Spontaneous decision made to visit Edinburgh done in one day. Site seeing in Edinburgh done in two days. Turns out going to Edinburgh meant missing out on the Jubilee festivities back in London...ah well I saw all the footage on TV!
The train to Edinburgh was a breeze. Didn’t reserve seats but was lucky to find two free seats close together. The weird thing about the reserved seats was no one came to sit in them, leaving lots of space. Once it was safe that no one meant for the seats were coming we claimed a table section. The rest of the journey was relaxing watching the English countryside fly past…until the sun set and then all you could see was your own reflection.
5 hours later and hello bloody cold Scotland!
The mission we accepted was to see the pandas at Edinburgh Zoo. Day one began with a bright and early start to travel by bus to make the panda appointment. Booked tickets and viewing time online was a smart idea. Arriving at the zoo, minutes before opening time, we found it was already packed with a queue my eyes could not see the end of. Not knowing where to go, staff arrived and wanted to start an internet booking line...right where we were standing. Brilliant. Next stop pandas!
Pandas are lazy sods that sleep 17 hours of the day away. We were lucky to see action from the two pandas, for at least some of the viewing time. The female Tian Tian was wandering all over the enclosure and then that was that. She found her favourite spot on a platform and rested with her back to the crowd. The male Yang Guang paraded himself in front of the glass then made his way to his favourite back scratching tree…hence the brown markings in his coat. Upside down and having a good old scratch was hilarious to see. Who knew seeing pandas could be entertaining!
After leaving the pandas I wanted to see the big cats, my favourite being the tiger. Except their tiger was a sneak and just had to sleep (or hide) in the one part of the enclosure you could not see him! Leaning right against the window and looking awkwardly up to the right I saw a paw. With that let down I was off to see the rest of the big cats. I was awestruck. I’ve never seen leopards or jaguars before and when I saw the first leopard I became an excitable child. The cats were snacking on breakfast left in great spots close to the window for the crowd gathered to take amazing shots.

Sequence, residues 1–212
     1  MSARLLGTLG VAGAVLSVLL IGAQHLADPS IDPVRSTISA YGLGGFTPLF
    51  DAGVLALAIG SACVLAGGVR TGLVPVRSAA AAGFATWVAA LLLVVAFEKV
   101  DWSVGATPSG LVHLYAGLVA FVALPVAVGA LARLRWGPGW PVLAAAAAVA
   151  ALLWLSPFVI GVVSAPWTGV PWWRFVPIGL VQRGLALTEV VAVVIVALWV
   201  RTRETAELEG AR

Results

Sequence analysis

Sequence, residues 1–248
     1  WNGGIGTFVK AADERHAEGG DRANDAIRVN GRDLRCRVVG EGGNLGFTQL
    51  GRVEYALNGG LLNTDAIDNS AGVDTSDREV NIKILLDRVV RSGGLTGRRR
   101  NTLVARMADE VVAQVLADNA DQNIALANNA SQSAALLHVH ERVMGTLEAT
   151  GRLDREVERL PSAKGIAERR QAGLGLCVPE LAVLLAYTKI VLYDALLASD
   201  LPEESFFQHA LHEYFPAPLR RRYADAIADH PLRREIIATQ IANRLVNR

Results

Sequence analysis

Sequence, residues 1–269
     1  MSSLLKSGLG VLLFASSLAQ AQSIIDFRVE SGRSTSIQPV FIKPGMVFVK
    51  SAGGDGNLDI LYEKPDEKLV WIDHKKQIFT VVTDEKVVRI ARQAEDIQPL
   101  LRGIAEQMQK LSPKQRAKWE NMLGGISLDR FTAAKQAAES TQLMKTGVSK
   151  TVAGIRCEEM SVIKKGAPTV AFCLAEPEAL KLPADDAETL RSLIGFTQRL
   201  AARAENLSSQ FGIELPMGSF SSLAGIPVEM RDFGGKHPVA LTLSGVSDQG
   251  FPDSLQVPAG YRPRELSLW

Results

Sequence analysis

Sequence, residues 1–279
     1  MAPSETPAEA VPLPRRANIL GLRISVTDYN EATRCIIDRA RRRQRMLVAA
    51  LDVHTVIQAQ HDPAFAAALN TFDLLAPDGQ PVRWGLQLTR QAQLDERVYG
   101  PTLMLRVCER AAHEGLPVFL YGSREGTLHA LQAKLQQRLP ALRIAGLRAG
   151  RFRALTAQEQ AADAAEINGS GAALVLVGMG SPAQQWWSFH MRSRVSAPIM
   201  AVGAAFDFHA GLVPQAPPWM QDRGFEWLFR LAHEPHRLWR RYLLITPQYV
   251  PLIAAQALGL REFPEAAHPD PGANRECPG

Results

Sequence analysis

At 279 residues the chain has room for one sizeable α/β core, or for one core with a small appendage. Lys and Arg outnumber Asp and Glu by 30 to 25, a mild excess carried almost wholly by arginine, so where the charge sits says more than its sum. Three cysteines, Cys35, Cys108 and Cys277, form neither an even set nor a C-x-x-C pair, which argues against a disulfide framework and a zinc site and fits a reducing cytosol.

We said goodbye to the zoo, not before purchasing ah um panda soft toy with a tartan scarf…get it…Scottish panda!
The next agenda item for the day was a free walking tour of Edinburgh, thanks to a friend who lived there. The modern parliament buildings are architecturally interesting, if you like that kind of thing. The streets are full of Scottish merchandise shopping opportunities. Finding the best fudge shop was a bonus.
The best attractions seen:
Holyroodhouse Palace – The royal family’s Scottish residence. Didn’t actually go inside but took photos from the best spot, through a gate by the toilets! I will have to go back and see inside the grounds, it looked stunning.
The Royal Mile. The High Street of Old Town. A succession of streets leading up to Edinburgh castle. Now the headquarters of the Edinburgh International Festival society - The Hub. By the West Door of St Giles' is the Heart of Midlothian, a heart-shaped pattern built into the road. The heart marks the site of the Old Tollbooth, formerly the centre of administration, taxation and justice in the Burgh. From the point of its demolition, locals used to spit on the site of the prison. Locals’ still spit on the heart but the legend has been "cleaned up" by tourist guides who claim the spitting is for good luck.
Grassmarkets. Historic market in Edinburgh. It was also a setting for public executions. There is no longer any grass, instead a concord of pavement and cafe areas. The "shadow" of a gibbet was added in dark paving on the former gallows site.
Edinburgh Castle. Looks are deceiving. It is impressive to look at from below but nothing much to see inside. There were a couple of renovated rooms where Mary Queen of Scots was born and the King’s rooms, three royal crown jewels, nothing in comparison to the crown jewels at The Tower of London and war memorial museums. If that doesn’t interest you, keep your £14.